Building walls seems to be in vogue right now, whether a physical barrier or a legal one to keep others out. Many Western countries are busily employed in the latter strategy, hoping to exclude Chinese companies hungry to acquire the West’s advanced technologies through mergers, acquisitions or insider access.

The US has had a mechanism to screen inbound investment for national security threats since 1975, when the Committee for Foreign Investment in the United States (CFIUS) was established. But amid growing sensitivity about rising Chinese investment, in a rare bipartisan effort Congress passed the Foreign Investment Risk Review Modernisation Act of 2018 (Firrma), which expands the scope of CFIUS’s review and the range of foreign investments it can block.


Firrma focuses on whether a transaction “involves a country of special concern that has a demonstrated or declared strategic goal of acquiring a type of critical technology or critical infrastructure” that would affect US national security leadership. Red flags are raised by deals that reveal a “pattern” or “cumulative control” related to a critical technology that could expose sensitive information about US citizens or create cybersecurity vulnerabilities. Sales, leases or concessions of developed or undeveloped land near sensitive US government facilities are also covered.

Firrma's tight grip

Firrma became effective in August 2018, to be implemented in stages. Though the scope of CFIUS’s review is now much broader, in most cases foreign investors can still decide whether to file a voluntary request for CFIUS approval as under the old law. However, ‘short-form declarations’ are now mandatory under a two-year pilot programme governing foreign acquisitions of ‘critical technologies’ in 27 defined industry sectors. CFIUS can then take further action. Guidelines on ‘emerging and foundational technologies’ and others are awaited.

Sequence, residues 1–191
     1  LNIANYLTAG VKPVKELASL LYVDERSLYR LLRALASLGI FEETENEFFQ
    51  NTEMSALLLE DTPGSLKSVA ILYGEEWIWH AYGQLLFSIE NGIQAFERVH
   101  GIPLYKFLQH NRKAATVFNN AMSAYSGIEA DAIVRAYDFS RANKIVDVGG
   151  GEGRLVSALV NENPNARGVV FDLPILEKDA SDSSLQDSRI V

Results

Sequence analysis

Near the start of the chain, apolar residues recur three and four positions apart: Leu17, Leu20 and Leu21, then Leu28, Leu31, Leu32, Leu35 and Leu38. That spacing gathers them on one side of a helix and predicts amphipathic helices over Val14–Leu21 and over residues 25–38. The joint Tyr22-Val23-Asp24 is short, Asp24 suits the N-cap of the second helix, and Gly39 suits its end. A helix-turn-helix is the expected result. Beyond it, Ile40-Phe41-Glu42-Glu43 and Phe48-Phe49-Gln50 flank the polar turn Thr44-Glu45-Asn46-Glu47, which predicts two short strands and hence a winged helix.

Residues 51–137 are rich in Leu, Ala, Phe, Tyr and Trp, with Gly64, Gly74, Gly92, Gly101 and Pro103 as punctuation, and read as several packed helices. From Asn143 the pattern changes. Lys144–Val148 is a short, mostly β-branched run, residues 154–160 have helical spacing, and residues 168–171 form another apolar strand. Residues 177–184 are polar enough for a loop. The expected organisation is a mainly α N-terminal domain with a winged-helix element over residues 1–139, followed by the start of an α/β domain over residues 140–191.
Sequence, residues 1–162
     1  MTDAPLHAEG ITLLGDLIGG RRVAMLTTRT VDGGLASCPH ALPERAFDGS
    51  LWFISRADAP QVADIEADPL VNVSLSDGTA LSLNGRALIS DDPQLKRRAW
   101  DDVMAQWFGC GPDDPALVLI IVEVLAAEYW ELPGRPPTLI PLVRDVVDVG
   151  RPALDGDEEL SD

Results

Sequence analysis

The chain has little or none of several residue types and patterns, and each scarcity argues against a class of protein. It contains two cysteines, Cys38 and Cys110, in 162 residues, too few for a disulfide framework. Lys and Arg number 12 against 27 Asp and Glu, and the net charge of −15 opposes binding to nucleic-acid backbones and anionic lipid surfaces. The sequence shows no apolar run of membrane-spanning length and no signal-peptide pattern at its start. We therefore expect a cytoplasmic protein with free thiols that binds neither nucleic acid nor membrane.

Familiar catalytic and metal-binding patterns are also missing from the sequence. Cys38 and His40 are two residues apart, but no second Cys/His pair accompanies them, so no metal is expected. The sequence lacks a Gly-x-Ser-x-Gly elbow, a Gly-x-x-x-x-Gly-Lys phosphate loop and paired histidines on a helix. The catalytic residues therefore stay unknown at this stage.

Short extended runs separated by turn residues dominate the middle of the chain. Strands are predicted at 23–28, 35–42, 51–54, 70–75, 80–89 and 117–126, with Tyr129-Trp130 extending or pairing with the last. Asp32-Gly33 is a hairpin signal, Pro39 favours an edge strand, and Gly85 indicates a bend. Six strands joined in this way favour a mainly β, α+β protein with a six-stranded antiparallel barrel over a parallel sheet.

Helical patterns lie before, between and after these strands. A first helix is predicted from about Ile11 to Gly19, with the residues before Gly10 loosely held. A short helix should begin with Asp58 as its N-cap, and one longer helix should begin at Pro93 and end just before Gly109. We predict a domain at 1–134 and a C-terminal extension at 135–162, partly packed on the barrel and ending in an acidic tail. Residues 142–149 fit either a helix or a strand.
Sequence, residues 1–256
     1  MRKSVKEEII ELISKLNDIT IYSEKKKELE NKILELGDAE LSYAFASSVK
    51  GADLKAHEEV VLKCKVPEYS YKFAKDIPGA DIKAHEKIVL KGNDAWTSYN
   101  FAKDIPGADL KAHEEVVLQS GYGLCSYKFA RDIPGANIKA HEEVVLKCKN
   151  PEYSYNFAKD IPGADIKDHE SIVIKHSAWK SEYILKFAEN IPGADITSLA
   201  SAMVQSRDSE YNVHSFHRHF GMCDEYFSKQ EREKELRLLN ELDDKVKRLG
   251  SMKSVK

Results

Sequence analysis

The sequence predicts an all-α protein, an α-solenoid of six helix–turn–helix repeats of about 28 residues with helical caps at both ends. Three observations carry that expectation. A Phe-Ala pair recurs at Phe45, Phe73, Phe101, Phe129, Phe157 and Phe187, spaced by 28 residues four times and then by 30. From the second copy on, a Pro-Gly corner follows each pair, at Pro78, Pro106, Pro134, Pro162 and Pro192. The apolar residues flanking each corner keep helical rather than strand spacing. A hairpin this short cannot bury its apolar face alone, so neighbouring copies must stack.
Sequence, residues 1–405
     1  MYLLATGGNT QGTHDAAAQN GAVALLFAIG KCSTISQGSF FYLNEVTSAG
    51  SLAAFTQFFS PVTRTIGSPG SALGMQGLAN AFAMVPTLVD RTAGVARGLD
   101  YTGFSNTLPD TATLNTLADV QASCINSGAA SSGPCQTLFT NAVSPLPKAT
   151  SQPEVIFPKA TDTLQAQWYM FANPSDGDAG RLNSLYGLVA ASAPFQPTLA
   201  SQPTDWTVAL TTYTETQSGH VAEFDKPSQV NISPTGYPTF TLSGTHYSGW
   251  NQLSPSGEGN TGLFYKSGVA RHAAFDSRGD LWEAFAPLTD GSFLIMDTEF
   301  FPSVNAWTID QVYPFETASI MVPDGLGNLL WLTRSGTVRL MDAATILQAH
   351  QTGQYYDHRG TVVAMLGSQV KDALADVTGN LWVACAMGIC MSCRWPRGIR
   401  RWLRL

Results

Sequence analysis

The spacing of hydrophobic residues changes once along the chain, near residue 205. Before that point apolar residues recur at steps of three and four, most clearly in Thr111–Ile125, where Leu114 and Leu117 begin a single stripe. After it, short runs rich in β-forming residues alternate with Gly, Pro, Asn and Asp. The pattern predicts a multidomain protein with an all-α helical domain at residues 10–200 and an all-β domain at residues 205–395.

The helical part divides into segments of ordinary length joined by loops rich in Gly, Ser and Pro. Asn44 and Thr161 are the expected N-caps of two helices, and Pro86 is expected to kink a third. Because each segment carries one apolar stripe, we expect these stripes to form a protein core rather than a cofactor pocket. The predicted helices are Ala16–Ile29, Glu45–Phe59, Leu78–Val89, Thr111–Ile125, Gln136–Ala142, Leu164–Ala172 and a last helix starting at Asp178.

The pilot programme applies to all direct and indirect investments in a US critical technology, whether controlling or non-controlling, if the buyer would gain access to material non-public technical information, a seat or observer rights on the board of directors, or decision-making powers regarding its critical technology.

The problem, says Antonia I Tzinova, a partner in the Washington, DC office of law firm Holland & Knight, is that there’s no “bright-line” test (such as a percentage of equity held) to determine whether a foreign investor has control or decision-making influence. “You have to perform a functional, granular analysis,” she adds.

As foreign investors consider a US acquisition or investment, the key question they now ask is: “Does the mandatory filing apply to me?” according to Ms Tzinova. Especially challenging to classify are “dual-use” technologies intended for commercial use that could have a secondary military or security application. If the deal does fall under the pilot programme, her clients often ask: “Do I want to go through with it?” – especially since there is now a $300,000 filing fee.

Ms Tzinova’s colleague, Ronald A Oleynik, says from a US seller’s perspective the question becomes: “Is the deal going to go through? They want to know the risks before they go down that road.” Firrma does make an exception for indirect foreign investment made through US-based investment funds, managed by a US general partner, with foreign participation that is strictly passive, Mr Oleynik notes.